RE: ORGLIST: Normal odor level in an organic lab

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From: Bozell, Joe (joe_bozell$##$nrel.gov)
Date: Mon Feb 05 2001 - 09:44:36 EST


An important question, and we are indeed working with some organosulfur
compounds. I do not believe that those are the source of our safety rep's
complaints, however. I'm pretty sensitive to them, and have gone to great
lenghts to keep them neutralized and in the hood. They are not noticeable
under most circumstances, even when visitors with "fresh" noses walk into
the lab.

Our laboratory contains two unvented chemical cabinets that set off the
electronic sniffer at the ppm level (no sulfur compounds are stored in
there). One is a flammables cabinet, and contains a number of volatile
organic solvents: ether, hexane, ethyl acetate, methanol, tetrahydrofuran,
etc., along with other hydrocarbons. The cabinet is closed most of the time
but could vent vapor into the room when the door is opened. We also have a
refrigerator that releases a distinct odor when opened, but which also
dissipates quickly. Interestingly, the sniffer did not detect anything
coming from the refrigerator. We also generate solvent odors (mostly ether,
hexane, acetone) when emptying the rotovap traps into the waste disposal
containers. Again, this disappears quickly. The lab also is used to store
pyrolysis oils from wood, which have a very distinctive smoky, barbeque
odor. However, they are stored in tightly sealed containers below -20 deg
C, and are not volatile.

My impression is that the safety rep thinks the lab smells "bad" or "funny",
but cannot identify the odor. I agree with you that the simple act of
moving chemicals from one place to another could be a source of odor.

Again, thanks for any insight.

Joe Bozell
Principal Scientist
National Renewable Energy Laboratory
Golden, CO
USA


> ----------
> From: John S. Roberts
> Sent: Sunday, February 4, 2001 3:54 PM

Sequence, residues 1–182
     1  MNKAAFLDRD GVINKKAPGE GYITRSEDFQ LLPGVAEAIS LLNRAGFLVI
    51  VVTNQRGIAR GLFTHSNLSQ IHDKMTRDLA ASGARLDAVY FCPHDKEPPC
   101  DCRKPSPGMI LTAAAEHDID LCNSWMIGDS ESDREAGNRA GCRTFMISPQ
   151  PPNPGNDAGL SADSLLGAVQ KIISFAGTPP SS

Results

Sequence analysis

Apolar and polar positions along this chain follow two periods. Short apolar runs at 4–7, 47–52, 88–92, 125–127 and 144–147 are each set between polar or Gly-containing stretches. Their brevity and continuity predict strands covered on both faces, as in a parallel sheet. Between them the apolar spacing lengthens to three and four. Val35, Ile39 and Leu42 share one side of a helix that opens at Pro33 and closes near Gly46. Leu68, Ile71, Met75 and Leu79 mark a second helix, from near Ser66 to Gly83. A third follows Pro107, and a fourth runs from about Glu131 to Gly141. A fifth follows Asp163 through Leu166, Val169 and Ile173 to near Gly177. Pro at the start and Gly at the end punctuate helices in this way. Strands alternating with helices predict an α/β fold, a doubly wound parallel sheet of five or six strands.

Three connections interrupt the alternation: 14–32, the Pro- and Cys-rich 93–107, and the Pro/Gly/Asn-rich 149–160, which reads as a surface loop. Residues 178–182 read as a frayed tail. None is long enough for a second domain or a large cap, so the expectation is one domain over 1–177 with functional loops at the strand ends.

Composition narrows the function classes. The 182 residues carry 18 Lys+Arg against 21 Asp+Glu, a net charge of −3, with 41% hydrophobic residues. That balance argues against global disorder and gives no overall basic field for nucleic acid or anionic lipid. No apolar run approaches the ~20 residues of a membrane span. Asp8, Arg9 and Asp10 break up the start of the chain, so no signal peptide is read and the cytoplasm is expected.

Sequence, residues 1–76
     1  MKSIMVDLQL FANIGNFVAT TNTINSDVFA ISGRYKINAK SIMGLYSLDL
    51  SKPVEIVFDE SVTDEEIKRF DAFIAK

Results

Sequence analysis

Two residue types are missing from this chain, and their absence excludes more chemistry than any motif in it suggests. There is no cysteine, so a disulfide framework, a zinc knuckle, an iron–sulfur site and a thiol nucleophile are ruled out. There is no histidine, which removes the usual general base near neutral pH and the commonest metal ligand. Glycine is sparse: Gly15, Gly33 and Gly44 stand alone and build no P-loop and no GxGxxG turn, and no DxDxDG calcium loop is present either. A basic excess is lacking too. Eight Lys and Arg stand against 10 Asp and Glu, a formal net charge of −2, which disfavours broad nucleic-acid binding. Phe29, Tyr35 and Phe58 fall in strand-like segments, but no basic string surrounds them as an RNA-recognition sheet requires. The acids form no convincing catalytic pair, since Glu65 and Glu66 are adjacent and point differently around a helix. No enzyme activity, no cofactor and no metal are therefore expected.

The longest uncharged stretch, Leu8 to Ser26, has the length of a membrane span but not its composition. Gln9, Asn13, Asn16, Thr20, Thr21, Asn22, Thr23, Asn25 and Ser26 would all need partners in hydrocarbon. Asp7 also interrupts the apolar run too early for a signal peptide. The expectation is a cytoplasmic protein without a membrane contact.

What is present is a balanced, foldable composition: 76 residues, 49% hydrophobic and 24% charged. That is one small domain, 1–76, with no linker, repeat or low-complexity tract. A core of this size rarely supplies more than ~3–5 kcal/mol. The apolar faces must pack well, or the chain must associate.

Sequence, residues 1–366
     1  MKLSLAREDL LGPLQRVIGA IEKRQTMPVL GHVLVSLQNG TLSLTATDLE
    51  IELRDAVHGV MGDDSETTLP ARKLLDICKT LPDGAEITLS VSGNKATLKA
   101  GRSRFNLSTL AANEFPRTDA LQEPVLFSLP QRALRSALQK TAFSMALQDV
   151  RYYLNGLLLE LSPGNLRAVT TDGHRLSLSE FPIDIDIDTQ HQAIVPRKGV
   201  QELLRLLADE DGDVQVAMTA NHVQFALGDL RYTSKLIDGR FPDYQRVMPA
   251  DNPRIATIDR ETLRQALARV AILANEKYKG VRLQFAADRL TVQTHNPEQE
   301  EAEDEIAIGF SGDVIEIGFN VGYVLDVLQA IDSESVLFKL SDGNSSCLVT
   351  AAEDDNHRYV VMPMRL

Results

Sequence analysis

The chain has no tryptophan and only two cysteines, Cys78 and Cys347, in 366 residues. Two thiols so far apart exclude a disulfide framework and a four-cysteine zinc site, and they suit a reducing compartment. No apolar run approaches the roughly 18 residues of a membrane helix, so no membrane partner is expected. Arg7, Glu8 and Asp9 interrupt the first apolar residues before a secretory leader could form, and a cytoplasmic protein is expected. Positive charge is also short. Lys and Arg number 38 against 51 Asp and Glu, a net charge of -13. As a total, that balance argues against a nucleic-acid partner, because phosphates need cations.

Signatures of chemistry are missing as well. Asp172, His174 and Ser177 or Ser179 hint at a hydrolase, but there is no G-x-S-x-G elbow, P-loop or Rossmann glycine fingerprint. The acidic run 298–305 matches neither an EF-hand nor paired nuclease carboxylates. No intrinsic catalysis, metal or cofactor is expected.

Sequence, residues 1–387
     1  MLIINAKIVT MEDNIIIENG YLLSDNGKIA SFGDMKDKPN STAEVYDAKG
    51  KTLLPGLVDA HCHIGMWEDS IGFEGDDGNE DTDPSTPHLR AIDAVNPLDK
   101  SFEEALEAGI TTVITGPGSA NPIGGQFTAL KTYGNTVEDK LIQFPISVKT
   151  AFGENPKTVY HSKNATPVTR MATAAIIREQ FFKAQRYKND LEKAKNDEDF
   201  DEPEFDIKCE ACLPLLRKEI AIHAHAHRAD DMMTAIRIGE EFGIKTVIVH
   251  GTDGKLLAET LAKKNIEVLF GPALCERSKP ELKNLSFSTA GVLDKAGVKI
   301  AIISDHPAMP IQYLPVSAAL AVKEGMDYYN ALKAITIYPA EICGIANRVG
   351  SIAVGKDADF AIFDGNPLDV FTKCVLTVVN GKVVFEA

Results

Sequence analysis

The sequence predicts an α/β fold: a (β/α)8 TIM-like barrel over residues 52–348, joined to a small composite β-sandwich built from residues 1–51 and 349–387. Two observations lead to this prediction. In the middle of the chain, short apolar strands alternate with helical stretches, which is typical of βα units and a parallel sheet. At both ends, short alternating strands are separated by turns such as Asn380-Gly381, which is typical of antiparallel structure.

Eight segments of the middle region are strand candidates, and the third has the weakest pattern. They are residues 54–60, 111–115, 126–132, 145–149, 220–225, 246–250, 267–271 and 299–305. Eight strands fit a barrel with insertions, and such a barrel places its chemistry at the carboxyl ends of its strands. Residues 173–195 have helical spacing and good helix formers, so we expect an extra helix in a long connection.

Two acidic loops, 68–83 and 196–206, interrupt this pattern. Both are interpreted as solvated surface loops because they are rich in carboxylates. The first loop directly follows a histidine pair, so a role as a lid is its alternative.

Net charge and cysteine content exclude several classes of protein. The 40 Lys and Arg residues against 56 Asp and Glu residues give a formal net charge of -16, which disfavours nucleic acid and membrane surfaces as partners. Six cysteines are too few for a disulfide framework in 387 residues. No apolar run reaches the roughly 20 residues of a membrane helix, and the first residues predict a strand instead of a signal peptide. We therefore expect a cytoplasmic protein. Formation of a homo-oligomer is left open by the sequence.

> To: Multiple recipients of list orglist
> Subject: Re: ORGLIST: Normal odor level in an organic lab
>
> Joe:
>
> What you didn't tell us was what kinds of chemicals you are working with.
> I've spent most of my life working with organic sulfur compounds, and ppm
> levels would be extremely noticeable. We had great hoods, charcoal
> filters
> on the hoods, but just tracking bottles back and forth to the hoods from
> outside storage was enough to make the lab stinky on occasion.
>
> So, let us know, and we may be able to give you some hints.
>
> John Roberts
> JohnSRoberts$##$Worldnet.att.net
> ----- Original Message -----
> From: "Bozell, Joe" <joe_bozell$##$nrel.gov>
> To: "Multiple recipients of list orglist" <orglist$##$dq.fct.unl.pt>
> Sent: Friday, February 02, 2001 5:17 PM
> Subject: ORGLIST: Normal odor level in an organic lab
>
>
> > Dear colleagues,
> >
> > This is not precisely a chemical question, but is related, and perhaps a
> > situation you've had to deal with also. Any help would be greatly
> > appreciated.
> >
> > I am currently in discussions with our local safety representative
> regarding
> > "fugitive odors" in our laboratory. He equates it with chemical
> > contamination, while I equate it with the normal odors associated with
> > synthetic organic research. The ventilation in our lab, both with
> regard
> to
> > air exchanges/hour (12) and flow at the hoods (>100 fpm at 18" sash
> height)
> > has been checked and exceeds specs for our building. Moreover, he has
> > checked our laboratory with an electronic "sniffer" and has found less
> than
> > ppm levels of the chemicals to which the probe was sensitive. Almost all
> > chemical manipulations in our lab are done in the hood. However,
> organic
> > chemistry is not one of the major efforts at our facility. More
> engineering
> > is carried out, thus, our work has odors different from the engineering
> > research that goes on.
> >
> > We are currently being encouraged to add even more, expensive,
> mechanical
> > controls to try and eliminate the odors. However, I would like to know
> what
> > the safety literature might say about this problem. Can anyone point me
> to
> > some hard data about what is acceptable and "normal" for an organic
> > laboratory? Is any odor harmful? If the specific chemical or chemicals
> > cannot be identified, should one assume there is a problem and a danger?
> > What is a reasonable and prudent response that will make sure that the
> > occupants of the lab are not being exposed unnecessarily to harmful
> > materials?
> >
> > thanks for any help,
> >
> > Joe Bozell
> > Principal Scientist
> > National Renewable Energy Laboratory
> > Golden, CO
> > USA
> > __________________
> >
> > ORGLIST - Organic Chemistry Mailing List
> > Website / Archive / FAQ: http://www.orglist.net/
> > List coordinator: Joao Aires de Sousa (jas$##$mail.fct.unl.pt)
> >
> >
>
> __________________
>
> ORGLIST - Organic Chemistry Mailing List
> Website / Archive / FAQ: http://www.orglist.net/
> List coordinator: Joao Aires de Sousa (jas$##$mail.fct.unl.pt)
>
__________________

ORGLIST - Organic Chemistry Mailing List
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List coordinator: Joao Aires de Sousa (jas$##$mail.fct.unl.pt)




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